The work of the United Church of Christ, as an advocate for fairness and equality of same-gender marriage and the equal treatment of LGBT persons, is becoming more evident and visible as marriage equality is recognized by more states.
The latest victory for supporters of marriage equality will come in Ohio, when a federal judge will rule on April 14 that Ohio must recognize same-sex marriages legally performed in other states. Though the case is likely headed to a U.S. Circuit Court of Appeals after the decision — as has been the case with similar federal rulings — the Rev. J. Bennett Guess sees it as another triumph on the path toward equality for LGBT couples.
"This is clearly a great moment for all the people of Ohio who believe in fairness and for the thousands of same-gender-loving couples, including my partner Jim and I, who have been waiting a long time for our legal marriage in another state to be recognized in the state where we live," said Guess, executive minister of the UCC's Local Church Ministries. Guess and his spouse married in Massachusetts in 2007.
The Rev. Phil Hart, conference minister for the Ohio Conference of the UCC, also celebrates the judge's decision.
"The United Church of Christ has had a long history of being a prophetic voice in our society, especially around the issue of the value and worth of all people," he said. "Marriage equality is more than a political issue of our time; it is a test to see if the deep, core values of our nation will overcome the tiny and weak values promoted by prejudice and fear. There are many same-gender loving couples and families that are very happy on this day. I join in the celebration and continue to hope and pray for that day when love will be seen as love and all families will be given the respect and honor they deserve. God is still speaking...Thanks be to God!"
While waiting for the written decision, Guess firmly believes U.S. District Judge Timothy Black's ruling will be "another significant milestone toward the inevitable day when marriage equality will be the law in all 50 states." Ohio Attorney General Mike DeWine plans to appeal the case.
Ohio's neighbor to the north, Michigan, also had a state ban against same-sex marriage reviewed in federal court. In late March, a judge ruled the Michigan law unconstitutional, and for about a day, same-sex weddings took place before a stay was issued pending an appeal. Now the state is not recognizing those unions as legal.
"We had a flurry of weddings with UCC and UUA clergy. I think we got 300 in before the stay was sent to the Court of Appeals," said the Rev. Campbell Lovett, conference minister for the Michigan Conference of the UCC.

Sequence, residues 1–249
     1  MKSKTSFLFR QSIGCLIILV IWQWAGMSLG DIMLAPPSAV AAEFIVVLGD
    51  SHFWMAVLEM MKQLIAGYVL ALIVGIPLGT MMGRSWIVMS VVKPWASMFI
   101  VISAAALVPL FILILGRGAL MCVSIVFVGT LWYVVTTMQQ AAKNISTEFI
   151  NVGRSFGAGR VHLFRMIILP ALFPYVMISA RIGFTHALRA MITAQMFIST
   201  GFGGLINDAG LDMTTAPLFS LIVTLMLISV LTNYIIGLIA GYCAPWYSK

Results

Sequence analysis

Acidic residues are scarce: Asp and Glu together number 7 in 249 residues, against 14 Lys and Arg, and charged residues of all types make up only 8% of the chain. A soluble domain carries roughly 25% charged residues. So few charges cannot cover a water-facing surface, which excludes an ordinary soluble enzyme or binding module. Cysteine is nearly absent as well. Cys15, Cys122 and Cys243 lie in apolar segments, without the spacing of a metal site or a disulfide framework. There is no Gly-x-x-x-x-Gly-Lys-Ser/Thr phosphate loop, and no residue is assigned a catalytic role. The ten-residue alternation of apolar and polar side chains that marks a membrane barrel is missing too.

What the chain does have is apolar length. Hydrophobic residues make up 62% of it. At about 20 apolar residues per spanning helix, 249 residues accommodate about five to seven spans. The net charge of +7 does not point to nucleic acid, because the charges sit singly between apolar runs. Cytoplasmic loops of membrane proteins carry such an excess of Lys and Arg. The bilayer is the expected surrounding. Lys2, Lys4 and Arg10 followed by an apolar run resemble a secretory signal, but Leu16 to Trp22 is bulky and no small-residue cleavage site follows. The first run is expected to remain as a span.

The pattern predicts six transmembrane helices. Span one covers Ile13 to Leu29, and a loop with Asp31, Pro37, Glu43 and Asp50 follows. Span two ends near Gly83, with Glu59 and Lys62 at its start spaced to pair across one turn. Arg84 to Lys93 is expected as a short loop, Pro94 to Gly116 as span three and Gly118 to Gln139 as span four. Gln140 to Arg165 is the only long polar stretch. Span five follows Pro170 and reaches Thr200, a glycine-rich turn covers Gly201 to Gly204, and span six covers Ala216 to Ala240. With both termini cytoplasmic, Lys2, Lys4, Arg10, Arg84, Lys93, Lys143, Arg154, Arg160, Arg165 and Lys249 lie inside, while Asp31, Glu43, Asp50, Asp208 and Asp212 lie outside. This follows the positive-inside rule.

The Rev. Deborah Dean-Ware, pastor at Church of the Good Shepherd in Ann Arbor, Mich., closely watched the case in Michigan unfold in the last year. While she celebrated the 74 same-gender marriages in Washtenaw County, she also realizes there are LGBT couples who were unable to marry within that one-day period.
"I have members who were able to be married, one for 34 years, and it's a delight to know that at least the federal government recognizes their marriage," Dean-Ware said. "But there were several couples not able to marry, and that is a disappointment."
The initial victory in federal court should give LGBT supporters in Michigan an upper hand in the appeals process, Dean-Ware said. Meanwhile, she is calling on supporters of same-sex marriage to be visible and vocal until the 6th Circuit Court hears the case.
"I think what's key for the UCC is visibility. I was in Madison (Wisc.) for 12 years, and the LGBT community in Madison had a fluent relationship," said Dean-Ware, whose congregation is one of two Open and Affirming in the Ann Arbor area. "We need to be clear about our stance. I realize individual churches have to decide that, but we have to be committed, and we have to be outspoken for our love and support of LGBT couples.
"I've been pastoring since 2000, and the struggle around marriage equality has been the most pressing issue in the churches I've served," Dean-Ware added.
Seventeen states, and the District of Columbia, recognize same-sex marriage, but that number could spike pending the outcomes of several legal challenges. Since December, federal judges have continued a trend of overturning state bans on same-sex marriage by relying on the U.S. Supreme Court's decision in two cases last summer that went in favor of marriage equality. Judges in Utah, Oklahoma , Virginia and Texas struck down laws banning same-gender marriages in the last three months, while a federal judge in Kentucky ruled that state must recognize same-sex marriages.
"I am so proud of the leadership that the United Church of Christ has played in getting us to this sea-changing moment," Guess said. "But while it's an admirable thing to arrive early on issues of justice and equality, it feels even better when the rest of the nation starts to catch up with you. That's exactly what's happening now."